Mae West’s “Diamond Lil”

November 25, 2013 | By | Add a Comment

Don’t Tell Mama – September 15, 22, October 27, November 3, 10, 17, 24

Darlene Violette, Juan Sebastian Cortes in Diamond LilIf today’s audiences know about Diamond Lil, it’s likely because of the 1933 film She Done Him Wrong, in which Mae West played a character named not “Diamond Lil” but rather “Lady Lou.” But West and her playwright collaborator, Adeline Leitzbach, had created the character as the protagonist of their 1928 stage show, which was significantly racier than the film. Lil epitomizes the West persona perfectly. She is a boisterously libidinous creature with a wry sense of humor about sex—and about her own devotion to it. And West embraced this character, reviving the play in the late 1940s and early 1950s when her film career was dormant.

LindaAnn Loschiavo has now reworked the play, restoring as much of the original’s licentious fun as possible, for those of us who missed out on it back in 1928 or 1949. Set in the squalid Bowery of 1890s New York, the piece is a lively if dramaturgically unkempt melodrama about saloon entertainer Lil, who is bait for the vice squad but who has a kind heart and a philanthropic spirit. Lil enjoys sin but has no taste for crime, so you’re on her side when she is innocently pulled into a white-slavery scheme.

Performed on the tiny stage of Don’t Tell Mama (and throughout the showroom itself), the restored Diamond Lil proves to be a somewhat ramshackle but nevertheless endearing show. The vehicle might well benefit from a revival with grander production values. Nonetheless, it succeeds in this cabaret setting on its own modest terms.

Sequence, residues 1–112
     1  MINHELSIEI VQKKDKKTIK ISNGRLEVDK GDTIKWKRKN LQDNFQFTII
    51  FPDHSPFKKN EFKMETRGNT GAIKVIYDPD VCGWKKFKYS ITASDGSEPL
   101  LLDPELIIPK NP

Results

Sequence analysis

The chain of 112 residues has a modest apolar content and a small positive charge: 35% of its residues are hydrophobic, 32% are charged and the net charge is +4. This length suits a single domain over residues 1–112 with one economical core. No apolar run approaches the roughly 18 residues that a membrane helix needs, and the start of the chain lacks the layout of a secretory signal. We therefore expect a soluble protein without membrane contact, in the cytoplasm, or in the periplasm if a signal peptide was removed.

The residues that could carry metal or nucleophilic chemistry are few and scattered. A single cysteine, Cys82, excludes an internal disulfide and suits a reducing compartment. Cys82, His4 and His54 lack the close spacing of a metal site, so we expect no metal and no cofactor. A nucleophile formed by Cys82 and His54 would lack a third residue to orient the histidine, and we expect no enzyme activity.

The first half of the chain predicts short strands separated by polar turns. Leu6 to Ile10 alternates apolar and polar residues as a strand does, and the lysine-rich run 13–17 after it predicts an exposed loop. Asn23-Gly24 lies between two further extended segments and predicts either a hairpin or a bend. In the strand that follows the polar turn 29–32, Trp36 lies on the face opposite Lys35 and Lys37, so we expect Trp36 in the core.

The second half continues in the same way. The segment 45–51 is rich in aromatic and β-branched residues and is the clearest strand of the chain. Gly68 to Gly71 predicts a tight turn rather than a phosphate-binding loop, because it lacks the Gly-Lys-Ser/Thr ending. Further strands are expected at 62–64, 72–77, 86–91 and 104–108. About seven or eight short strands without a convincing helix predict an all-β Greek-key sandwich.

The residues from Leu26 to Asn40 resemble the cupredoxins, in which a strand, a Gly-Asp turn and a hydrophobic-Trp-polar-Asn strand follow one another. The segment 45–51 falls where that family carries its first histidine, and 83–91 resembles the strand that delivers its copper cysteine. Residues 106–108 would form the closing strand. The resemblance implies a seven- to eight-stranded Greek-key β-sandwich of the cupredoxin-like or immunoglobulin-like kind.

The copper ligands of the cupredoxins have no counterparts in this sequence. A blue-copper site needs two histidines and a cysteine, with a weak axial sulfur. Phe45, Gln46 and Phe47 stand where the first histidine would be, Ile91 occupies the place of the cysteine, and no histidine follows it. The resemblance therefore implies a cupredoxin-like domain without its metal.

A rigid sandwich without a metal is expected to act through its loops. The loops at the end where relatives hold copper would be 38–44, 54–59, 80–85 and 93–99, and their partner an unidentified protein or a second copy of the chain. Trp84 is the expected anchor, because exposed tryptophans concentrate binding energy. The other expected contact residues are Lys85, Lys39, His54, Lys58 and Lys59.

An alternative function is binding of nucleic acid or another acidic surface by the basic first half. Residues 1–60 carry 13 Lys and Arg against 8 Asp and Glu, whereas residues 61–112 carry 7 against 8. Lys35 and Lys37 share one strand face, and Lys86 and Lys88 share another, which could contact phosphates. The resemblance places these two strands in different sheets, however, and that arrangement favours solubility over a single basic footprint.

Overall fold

Part of the show’s vitality can be attributed to its star, Darlene Violette, who also co-directed (with Dena Tyler). Violette lovingly impersonates West in the role, although she more closely resembles one or another of the Gabor sisters in their radiant prime. Violette gets the sexually exuberant part of Lil right, but she also brings out an oddly affecting cerebral dimension of the character. “What makes people good?” Lil wonders in one soliloquy, and Violette makes it seem as though the character had been sampling an anthology of World Philosophy back in her bordello-ish boudoir.

Lil provides a true star turn for Violette, just as it did for West—so much so, in fact, that many of the supporting characters often are lost in the shapely shadow of the leading lady. Still, Joanna Bonaro effectively portrays Lil’s feisty Latina rival, Rita Christinia, as well as the Thelma Ritter-ish maid of all work, Frances. Juan Sebastian Cortes has fun as steamy Pablo Juarez, over whom Lil and Rita tangle. And I thoroughly enjoyed seeing Don’t Tell Mama’s own Sidney Myer as one of Lil’s many love interests: the tough-talking saloon owner (and corrupt mayoral candidate) Gus Jordan. Another standout is darkly handsome Anthony DiCarlo, whose roles include that of Cummings, the Salvation Army captain whose virility ramps up Lil’s libido a few notches. (This is the role played by a young Cary Grant in She Done Him Wrong).

Some passages in the script might have been further abridged, beginning with the opening tirade by jailbird Chick Clark (Gary Napoli). And it seems strange to me that, in a cabaret setting with a piano available, Lil would sing her songs (“Frankie and Johnny,” “A Guy What Takes His Time” and “I Wonder Where My Easy Rider’s Gone”) a cappella. Even unaccompanied, though, Violette nicely mimics West’s musical sound: the purr of a flashy flivver sashaying down the highway.

Category: Reviews

About the Author ()

Mark Dundas Wood is an arts/entertainment journalist and dramaturg. In addition to reviewing for BistroAwards.com, he contributes regularly to theaterscene.net and clydefitchreport.com. Other reviews and articles have appeared in American Theatre and Back Stage. As a dramaturg, he has worked with New Professional Theatre and the New York Musical Theatre Festival.

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